Other than running Chiang Mai's excellent Freebird Cafe -- a Shan/Burmese vegetarian restaurant -- Thai Freedom House runs a community education, arts and language centre for both refugees from Burma (Myanmar) as well as underprivileged ethnic minorities in Northern Thailand itself.
Reaching Thailand from conflict zones inside Burma may provide initial relief and safety for Shan, Kachin and Karen refugees but their subsequent hazy legal status, ignorance of local language and laws and dealings with an often recalcitrant officialdom leaves them open to abuse and exploitation. Freedom House's initial objectives are to provide information and share resources on legalities, registration, healthcare, education, housing and so on to the refugees, and bring them up to speed with all things Thai.
Burmese Shan with their closely related language may be capable of picking up spoken Thai relatively quickly, but many of these refugees are from remote villages in conflict zones and have had little previous access to formal education. Teaching literacy in Shan as well as Thai is also important, and obviously learning English is perceived as a good way of getting on in their new environment. As director Lisa points out, in recent times Burmese courses are much in demand too. A few years ago it would have been the last choice among refugees, but with the recent changes inside Burma there is now a perception that a return to their homeland in the not too distant future may become realistic, so a knowledge of Burmese is advantageous and even essential.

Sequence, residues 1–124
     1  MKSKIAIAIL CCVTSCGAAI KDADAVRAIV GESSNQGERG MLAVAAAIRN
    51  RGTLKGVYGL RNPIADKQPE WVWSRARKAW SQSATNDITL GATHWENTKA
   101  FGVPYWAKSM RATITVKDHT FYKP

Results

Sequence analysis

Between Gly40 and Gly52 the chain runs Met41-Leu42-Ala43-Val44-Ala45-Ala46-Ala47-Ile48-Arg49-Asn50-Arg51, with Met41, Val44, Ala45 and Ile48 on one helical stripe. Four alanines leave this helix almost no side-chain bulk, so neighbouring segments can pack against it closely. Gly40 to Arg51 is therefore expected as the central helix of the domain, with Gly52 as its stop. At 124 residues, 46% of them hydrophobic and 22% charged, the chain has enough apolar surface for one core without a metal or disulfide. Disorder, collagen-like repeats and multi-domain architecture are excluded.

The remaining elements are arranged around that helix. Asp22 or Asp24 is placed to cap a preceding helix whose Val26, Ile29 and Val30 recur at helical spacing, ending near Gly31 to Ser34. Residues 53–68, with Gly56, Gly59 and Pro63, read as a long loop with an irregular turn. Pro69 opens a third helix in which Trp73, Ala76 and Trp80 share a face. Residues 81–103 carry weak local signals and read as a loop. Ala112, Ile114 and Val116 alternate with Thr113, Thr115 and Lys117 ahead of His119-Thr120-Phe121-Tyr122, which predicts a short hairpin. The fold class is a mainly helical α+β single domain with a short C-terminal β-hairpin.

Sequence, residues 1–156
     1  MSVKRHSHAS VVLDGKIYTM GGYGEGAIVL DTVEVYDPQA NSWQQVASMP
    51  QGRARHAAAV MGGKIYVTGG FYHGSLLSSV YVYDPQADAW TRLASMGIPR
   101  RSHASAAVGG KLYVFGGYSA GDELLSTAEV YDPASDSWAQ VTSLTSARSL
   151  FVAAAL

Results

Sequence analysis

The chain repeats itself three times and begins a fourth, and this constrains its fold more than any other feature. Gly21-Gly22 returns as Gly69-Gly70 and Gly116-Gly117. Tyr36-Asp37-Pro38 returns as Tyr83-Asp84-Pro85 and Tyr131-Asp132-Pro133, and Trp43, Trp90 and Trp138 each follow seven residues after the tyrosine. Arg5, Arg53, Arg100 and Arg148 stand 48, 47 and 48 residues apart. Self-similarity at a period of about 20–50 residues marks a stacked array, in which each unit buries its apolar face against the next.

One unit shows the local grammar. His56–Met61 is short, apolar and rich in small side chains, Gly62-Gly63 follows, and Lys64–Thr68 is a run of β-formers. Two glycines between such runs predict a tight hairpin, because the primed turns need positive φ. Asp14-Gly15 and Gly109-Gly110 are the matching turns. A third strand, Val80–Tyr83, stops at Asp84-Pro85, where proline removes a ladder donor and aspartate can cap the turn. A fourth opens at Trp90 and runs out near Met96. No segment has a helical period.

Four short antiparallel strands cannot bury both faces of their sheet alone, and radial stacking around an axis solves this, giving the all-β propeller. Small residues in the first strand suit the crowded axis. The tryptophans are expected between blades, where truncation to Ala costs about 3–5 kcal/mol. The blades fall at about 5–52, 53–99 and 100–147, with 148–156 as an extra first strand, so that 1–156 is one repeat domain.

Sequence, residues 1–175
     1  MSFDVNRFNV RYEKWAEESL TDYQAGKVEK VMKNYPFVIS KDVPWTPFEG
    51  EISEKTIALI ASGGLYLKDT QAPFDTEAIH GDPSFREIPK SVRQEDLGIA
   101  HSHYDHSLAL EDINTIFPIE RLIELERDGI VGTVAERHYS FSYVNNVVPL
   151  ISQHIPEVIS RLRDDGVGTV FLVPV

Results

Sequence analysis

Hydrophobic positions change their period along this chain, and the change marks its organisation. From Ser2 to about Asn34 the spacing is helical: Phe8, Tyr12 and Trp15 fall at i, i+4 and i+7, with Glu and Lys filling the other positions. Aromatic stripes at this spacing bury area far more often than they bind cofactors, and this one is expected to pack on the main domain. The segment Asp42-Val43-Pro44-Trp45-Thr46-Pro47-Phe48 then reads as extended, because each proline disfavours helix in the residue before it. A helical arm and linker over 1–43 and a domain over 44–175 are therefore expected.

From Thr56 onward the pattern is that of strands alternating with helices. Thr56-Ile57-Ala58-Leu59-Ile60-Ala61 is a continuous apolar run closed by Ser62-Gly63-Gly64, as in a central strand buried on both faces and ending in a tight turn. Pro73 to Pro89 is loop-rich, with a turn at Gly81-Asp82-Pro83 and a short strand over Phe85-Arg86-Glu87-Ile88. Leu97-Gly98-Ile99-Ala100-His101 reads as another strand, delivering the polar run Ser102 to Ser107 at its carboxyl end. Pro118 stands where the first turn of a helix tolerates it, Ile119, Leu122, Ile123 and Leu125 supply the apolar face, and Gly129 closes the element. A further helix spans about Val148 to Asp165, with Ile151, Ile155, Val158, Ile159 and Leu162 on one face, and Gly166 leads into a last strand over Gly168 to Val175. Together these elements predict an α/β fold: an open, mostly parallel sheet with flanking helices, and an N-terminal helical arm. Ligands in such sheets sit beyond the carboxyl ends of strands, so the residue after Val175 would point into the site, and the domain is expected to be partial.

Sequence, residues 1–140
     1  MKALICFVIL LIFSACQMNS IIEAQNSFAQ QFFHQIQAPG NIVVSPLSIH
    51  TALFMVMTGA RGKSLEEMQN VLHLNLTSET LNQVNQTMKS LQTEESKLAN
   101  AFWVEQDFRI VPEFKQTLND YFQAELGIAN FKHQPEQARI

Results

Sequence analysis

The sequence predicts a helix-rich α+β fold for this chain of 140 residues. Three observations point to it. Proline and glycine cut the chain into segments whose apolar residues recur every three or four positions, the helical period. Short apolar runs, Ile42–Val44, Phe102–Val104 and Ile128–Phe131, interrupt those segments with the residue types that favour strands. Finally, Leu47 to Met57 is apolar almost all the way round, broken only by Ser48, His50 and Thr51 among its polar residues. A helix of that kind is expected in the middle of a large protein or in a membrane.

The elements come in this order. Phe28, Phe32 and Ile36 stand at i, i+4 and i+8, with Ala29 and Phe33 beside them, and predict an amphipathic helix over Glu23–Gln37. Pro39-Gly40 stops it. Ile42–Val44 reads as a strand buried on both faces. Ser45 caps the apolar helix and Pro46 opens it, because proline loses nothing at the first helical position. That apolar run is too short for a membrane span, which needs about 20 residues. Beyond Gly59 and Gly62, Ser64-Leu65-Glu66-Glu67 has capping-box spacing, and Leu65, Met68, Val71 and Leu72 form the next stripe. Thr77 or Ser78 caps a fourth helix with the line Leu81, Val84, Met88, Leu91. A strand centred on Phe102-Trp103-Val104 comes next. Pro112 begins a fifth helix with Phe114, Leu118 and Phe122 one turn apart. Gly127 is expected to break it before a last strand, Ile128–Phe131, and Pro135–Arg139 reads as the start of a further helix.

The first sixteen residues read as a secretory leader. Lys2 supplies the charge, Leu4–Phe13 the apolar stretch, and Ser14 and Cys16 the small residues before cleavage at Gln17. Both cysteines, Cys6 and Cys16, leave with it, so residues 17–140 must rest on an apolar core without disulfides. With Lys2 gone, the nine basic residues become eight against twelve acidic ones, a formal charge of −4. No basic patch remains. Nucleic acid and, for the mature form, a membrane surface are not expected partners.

Furthermore many Thai hilltribe kids -- Akha, Lahu, Karen and so on -- face similar problems to refugees and are unable to take up their entitled places in the state education system since they do not have the required level of basic Thai. Classes are open to kids from the age of seven up as well as adults. Basic, intermediate and advanced Thai and English, as well as Shan, Burmese, Thai life skills, music and art are on the curriculum, so a substantial staff is required.
All teachers -- local and foreign -- as well as management staff work on a purely volunteer, unpaid basis, so this is one NGO that certainly doesn't own any land-cruisers and faces a constant struggle to make ends meet. Approximately half of required funds are provided by the cafe and secondhand store, with the remaining half coming from direct donations.
There are plenty of ways in which you can help. Merely frequenting their excellent cafe obviously provides cash and either buying books or indeed donating unwanted reading material or clothes is welcomed. Volunteers to teach not only languages but also art and music are also always sought after, and finally, cash donations are desperately needed. We donated US$100, which will provide fresh soy milk, fruit and nuts for one month to students.
Each month a Travelfish.org writer selects a charity or non-government organisation that they believe does excellent work on their patch in Southeast Asia. They write about them and we donate $100, a small way for us to give something back to the region. If you're looking to give back too, please consider giving a little cash as well.
By Mark Ord.
The Travelfish newsletter is sent out every Monday and is jammed full of free advice for travel in Southeast Asia. You can see past issues here.